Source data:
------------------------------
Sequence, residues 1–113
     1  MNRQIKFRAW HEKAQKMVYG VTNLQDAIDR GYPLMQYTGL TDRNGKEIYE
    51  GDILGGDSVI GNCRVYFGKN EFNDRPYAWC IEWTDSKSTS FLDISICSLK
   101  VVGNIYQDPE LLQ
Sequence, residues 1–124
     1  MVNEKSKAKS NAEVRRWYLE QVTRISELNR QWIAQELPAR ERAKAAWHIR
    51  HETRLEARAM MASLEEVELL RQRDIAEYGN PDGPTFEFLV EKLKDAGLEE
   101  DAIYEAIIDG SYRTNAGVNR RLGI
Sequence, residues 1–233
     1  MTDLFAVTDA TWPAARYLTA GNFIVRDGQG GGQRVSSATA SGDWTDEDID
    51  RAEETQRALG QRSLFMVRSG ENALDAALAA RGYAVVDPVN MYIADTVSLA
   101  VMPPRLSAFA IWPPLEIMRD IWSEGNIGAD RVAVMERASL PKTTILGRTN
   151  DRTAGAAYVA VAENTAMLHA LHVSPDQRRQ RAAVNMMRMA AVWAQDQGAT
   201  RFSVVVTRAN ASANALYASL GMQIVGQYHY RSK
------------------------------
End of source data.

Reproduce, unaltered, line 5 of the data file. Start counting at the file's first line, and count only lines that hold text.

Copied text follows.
Sequence, residues 1–124